At 8 a.m. ET Tuesday, two new supercomputers came online. These new computers, called Dogwood and Cactus, will improve weather and climate forecasts, according to the National Oceanic and Atmospheric Administration.
“This is a big day for NOAA and the state of weather forecasting,” said Ken Graham, director of NOAA’s National Weather Service.
The computers are three times faster than their predecessors, each running an operations speed of 12.1 petaflops, which means they perform over 12 quadrillion operations per second. This ranks them as the 49th and 50th fastest computers in the world by TOP500.
The enhanced computing and storage capacity of these new computers will allow “NOAA to deploy higher-resolution models to better capture small-scale features like severe thunderstorms, more realistic model physics to better capture the formation of clouds and precipitation, and a larger number of individual model simulations to better quantify model certainty,” the agency said.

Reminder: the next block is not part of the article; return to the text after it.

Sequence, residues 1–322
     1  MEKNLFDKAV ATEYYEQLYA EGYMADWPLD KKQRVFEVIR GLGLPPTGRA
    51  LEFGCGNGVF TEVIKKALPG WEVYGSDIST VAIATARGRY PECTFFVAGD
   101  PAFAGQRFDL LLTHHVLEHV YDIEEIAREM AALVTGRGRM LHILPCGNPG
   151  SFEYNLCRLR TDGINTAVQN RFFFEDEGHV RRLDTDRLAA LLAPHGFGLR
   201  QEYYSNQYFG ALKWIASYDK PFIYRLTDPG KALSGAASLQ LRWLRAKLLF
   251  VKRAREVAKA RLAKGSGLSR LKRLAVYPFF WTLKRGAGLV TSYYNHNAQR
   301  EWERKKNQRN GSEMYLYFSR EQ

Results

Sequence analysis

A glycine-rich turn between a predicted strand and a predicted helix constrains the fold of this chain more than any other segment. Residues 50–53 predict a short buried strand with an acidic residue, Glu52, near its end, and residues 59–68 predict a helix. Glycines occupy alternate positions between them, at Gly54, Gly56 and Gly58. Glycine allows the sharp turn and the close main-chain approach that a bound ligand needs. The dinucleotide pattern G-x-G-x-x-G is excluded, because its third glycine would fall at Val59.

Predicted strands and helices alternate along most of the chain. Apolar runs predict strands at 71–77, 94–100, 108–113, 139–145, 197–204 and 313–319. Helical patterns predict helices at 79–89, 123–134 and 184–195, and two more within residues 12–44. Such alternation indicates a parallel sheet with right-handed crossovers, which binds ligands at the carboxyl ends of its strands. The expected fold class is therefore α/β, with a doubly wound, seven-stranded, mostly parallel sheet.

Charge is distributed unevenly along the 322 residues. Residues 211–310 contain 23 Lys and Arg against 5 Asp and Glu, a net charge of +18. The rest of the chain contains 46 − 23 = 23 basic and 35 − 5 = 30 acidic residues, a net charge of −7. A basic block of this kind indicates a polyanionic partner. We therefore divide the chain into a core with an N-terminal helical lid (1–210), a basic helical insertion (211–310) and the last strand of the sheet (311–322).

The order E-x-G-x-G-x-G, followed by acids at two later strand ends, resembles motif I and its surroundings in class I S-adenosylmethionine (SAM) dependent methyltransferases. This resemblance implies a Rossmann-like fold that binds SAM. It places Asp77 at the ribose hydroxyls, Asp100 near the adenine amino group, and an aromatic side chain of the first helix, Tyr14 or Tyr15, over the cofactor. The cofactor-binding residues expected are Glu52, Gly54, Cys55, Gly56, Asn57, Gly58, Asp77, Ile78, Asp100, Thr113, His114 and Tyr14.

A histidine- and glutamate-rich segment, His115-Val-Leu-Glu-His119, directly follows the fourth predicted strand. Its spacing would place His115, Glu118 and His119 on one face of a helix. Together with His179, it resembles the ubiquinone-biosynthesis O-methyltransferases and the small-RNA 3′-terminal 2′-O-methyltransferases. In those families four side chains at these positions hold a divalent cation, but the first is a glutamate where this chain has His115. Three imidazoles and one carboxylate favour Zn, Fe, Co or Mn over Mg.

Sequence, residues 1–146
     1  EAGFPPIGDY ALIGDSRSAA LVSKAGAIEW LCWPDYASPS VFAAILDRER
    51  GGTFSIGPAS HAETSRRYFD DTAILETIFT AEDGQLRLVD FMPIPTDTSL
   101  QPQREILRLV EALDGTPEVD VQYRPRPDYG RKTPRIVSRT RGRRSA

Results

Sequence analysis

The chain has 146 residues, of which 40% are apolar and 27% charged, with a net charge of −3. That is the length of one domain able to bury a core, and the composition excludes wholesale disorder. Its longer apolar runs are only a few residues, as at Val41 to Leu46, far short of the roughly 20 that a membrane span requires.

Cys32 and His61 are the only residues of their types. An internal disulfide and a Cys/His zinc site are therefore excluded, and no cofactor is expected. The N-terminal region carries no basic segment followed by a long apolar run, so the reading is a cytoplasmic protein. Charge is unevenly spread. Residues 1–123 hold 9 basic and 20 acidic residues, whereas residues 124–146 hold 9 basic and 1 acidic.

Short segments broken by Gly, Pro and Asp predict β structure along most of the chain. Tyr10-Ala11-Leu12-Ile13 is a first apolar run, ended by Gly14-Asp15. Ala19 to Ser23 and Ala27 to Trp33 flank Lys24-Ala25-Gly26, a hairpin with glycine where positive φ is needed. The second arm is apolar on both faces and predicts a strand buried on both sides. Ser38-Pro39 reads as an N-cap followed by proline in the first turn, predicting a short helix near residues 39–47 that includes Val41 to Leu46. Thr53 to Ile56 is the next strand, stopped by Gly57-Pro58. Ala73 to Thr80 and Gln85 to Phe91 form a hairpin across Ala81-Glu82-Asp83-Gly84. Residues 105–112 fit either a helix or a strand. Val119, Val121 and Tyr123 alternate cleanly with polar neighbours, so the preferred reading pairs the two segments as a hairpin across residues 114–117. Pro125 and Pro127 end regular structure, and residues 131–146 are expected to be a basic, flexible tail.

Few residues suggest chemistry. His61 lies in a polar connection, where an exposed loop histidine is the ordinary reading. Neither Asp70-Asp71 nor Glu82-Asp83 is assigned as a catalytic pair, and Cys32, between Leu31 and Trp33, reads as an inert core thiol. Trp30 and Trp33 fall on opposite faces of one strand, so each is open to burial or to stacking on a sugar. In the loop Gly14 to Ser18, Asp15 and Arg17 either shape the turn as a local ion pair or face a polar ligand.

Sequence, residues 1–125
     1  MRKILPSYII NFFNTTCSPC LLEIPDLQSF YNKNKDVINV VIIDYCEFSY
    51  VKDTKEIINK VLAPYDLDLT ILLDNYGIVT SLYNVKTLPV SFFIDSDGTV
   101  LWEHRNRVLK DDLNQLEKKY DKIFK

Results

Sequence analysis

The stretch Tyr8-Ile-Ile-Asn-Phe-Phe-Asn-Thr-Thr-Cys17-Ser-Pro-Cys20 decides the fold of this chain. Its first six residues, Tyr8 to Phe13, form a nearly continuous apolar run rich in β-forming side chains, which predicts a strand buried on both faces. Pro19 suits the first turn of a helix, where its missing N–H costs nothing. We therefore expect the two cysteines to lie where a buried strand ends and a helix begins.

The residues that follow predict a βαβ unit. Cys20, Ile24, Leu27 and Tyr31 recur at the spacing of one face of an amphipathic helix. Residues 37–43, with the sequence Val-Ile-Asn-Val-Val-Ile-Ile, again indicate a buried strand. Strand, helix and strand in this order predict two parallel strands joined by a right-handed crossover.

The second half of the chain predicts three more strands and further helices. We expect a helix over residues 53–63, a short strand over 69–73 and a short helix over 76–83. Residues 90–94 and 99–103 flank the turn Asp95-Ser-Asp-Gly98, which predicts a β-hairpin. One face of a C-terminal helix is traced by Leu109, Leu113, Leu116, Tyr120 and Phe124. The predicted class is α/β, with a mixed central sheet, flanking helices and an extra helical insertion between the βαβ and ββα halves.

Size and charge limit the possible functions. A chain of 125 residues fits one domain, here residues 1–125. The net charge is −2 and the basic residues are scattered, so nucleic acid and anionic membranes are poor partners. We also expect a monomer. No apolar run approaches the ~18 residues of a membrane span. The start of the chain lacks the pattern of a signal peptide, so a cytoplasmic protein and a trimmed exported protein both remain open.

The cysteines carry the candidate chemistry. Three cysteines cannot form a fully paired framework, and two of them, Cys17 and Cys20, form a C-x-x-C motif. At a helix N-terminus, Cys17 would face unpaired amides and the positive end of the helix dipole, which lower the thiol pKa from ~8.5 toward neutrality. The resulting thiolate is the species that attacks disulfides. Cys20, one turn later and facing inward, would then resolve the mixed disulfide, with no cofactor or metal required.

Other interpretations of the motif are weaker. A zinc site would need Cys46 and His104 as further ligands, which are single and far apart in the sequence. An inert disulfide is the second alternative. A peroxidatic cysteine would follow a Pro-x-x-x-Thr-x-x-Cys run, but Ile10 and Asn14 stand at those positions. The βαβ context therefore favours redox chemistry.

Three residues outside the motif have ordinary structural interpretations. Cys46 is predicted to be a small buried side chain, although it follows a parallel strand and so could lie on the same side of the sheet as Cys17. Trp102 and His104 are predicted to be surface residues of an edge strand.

Dogwood and Cactus will run forecast models that meteorologists and climatologists worldwide will use, thus allowing government officials to make more timely decisions based on forecasts.
Starting this fall, the new supercomputers will enable an upgrade to the US Global Forecast System (GFS). This is the forecast model often referred to as the “American Model.”
This will keep us on par with other leading forecast centers around the world, Graham said at a news conference Tuesday morning.
These new computers will also allow for the launch of a new hurricane forecast model called the Hurricane Analysis and Forecast System (HAFS), slated to be in operation for the 2023 hurricane season, pending tests and evaluation, NOAA said.
The supercomputers are strategically located in different parts of the country.
“Dogwood and Cactus are named after the flora native to their geographic locations of Manassas, Virginia, and Phoenix, Arizona, respectively,” NOAA said. “The computers serve as a primary and a backup for seamless transfer of operations from one system to another.”
The pair will replace NOAA’s previous supercomputers in Reston, Virginia, and Orlando, Florida.
CNN’s Monica Garrett and Payton Major contributed to this report